A few months ago, when the Joint Monitoring Programme released their first report to measure progress on elements of goal 6, it brought about some mixed feelings amongst some NGOs. While some were glad to receive confirmation that the report places an equal focus on the quality of the water provided as well as its quantity, others were concerned that their hard work in providing basic water and sanitation was written off.
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The Sustainable Development Goals (SDGs) have settled the argument that the baseline quality for water and sanitation services should be safely managed. This refers to water, which is free from shit and poisonous chemicals – either naturally occurring or introduced by human activities. The water should be available 24/7 when it is needed and located within the premises/household. Similarly, safely managed sanitation services includes, contactless faecal disposal as opposed to throwing human bodily waste into rivers, streams and seas. Sanitation toilets should have privacy, preserve dignity and be located within the house. Every household deserves one toilet per family!
Does the above standard sound like a new concept to our ears? This is what the majority of middle class families experience in countries such as Britain, Cuba, France, Germany, Netherlands and Singapore. These countries arrived at this stage through a combination of different factors, such as the drive to modern and political expediency, the negative effects on power holders (in terms of their well-being and comfort) and the breakdown of primary healthcare.
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The case of Britain is one of the most interesting of all. It was the summer of 1858, when Britain experienced the great stink of London. During which, individual households where responsible for disposing their own faeces. As a result of the great stick of 1858, Parliament voted to invest in contactless sanitary systems. The intervention in London had a positive multiplier effect on the whole of England. It set new standards for the provision of water and sanitation services along with the respect to protect water bodies from being used as bins and cemeteries for pets. Unfortunately rivers such Kasadi River in Mumbai and Odaw River in Accra are now suffering from the same abuse the Thames experienced in 1858.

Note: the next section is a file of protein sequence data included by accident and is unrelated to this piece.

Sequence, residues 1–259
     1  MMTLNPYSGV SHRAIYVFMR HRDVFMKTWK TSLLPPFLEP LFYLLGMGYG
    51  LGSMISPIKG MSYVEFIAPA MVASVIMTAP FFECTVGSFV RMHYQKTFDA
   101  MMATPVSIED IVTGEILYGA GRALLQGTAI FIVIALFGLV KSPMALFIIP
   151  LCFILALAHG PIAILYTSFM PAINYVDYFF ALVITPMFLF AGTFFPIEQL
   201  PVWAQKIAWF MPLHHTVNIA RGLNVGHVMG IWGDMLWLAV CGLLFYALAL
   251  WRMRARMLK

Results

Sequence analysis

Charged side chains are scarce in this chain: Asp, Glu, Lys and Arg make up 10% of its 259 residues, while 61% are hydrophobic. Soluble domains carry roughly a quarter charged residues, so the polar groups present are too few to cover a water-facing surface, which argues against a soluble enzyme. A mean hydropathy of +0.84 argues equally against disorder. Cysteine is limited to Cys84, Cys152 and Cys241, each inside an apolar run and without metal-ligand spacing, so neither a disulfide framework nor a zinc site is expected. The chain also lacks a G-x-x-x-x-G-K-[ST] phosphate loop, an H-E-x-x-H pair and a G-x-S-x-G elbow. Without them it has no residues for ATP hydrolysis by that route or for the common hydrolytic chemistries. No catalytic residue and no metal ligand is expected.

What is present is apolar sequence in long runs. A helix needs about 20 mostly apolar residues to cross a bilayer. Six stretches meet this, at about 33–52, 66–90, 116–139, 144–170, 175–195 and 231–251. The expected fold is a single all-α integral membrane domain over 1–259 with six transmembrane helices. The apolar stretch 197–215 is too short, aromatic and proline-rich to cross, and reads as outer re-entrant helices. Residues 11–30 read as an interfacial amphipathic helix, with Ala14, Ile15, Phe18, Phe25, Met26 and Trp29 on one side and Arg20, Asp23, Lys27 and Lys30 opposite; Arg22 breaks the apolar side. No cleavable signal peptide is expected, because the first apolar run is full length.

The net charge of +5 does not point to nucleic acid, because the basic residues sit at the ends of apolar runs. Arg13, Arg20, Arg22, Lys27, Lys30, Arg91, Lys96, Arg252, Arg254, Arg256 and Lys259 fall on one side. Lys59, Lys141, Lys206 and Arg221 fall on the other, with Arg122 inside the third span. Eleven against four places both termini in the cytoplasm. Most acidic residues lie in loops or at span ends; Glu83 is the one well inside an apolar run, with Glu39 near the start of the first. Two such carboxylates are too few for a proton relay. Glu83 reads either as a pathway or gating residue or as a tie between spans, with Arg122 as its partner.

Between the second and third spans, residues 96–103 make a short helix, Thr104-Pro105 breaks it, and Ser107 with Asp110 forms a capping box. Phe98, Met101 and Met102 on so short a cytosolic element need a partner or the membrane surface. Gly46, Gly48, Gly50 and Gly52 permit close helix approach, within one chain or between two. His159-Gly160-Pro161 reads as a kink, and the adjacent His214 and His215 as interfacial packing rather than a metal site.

“Their first attempt to quench the stench involved dousing the curtains of parliament in a mixture of chloride and lime. When that didn’t work, they even considered removing the entire government from the Westminster area—despite the newly constructed building they had only recently acquired…within a record of eighteen days, a bill was created, passed, and signed into law that would refurbish the entirety of the river Thames”
A polluted Odaw River in Accra, Ghana.
There is an on-going debate on how expensive networked contactless sanitation systems are and whether they are good for developing countries with poor economies. This argument which is ineffective, unsustainable and unsanitary needs to be abandoned. The contactless toilet network in Britain is sustained through water tariffs, designed to encourage equitable financing. People with larger houses and more rooms pay higher fees. In France, they made it mandatory by law for all households to have toilets.
Poor sanitation in Lagos, Nigeria.
Credit: WaterAid/ Tom Saater
Some of the world’s great cities such as Nairobi, Lagos, Dhaka, Mumbai and Accra, are currently sitting on water and sanitation time bombs. Governments must to provide the infrastructure for the treatment of wastewater and efficient refuse collection for recycling.
With us only being two years into the SDGs, there is still time to make changes and build a sustainable world. However, we must not waste any time, today. With efficient revenue collection and prudent use of these resources, we can all provide safely managed water and sanitation services for everyone and preserve their human rights.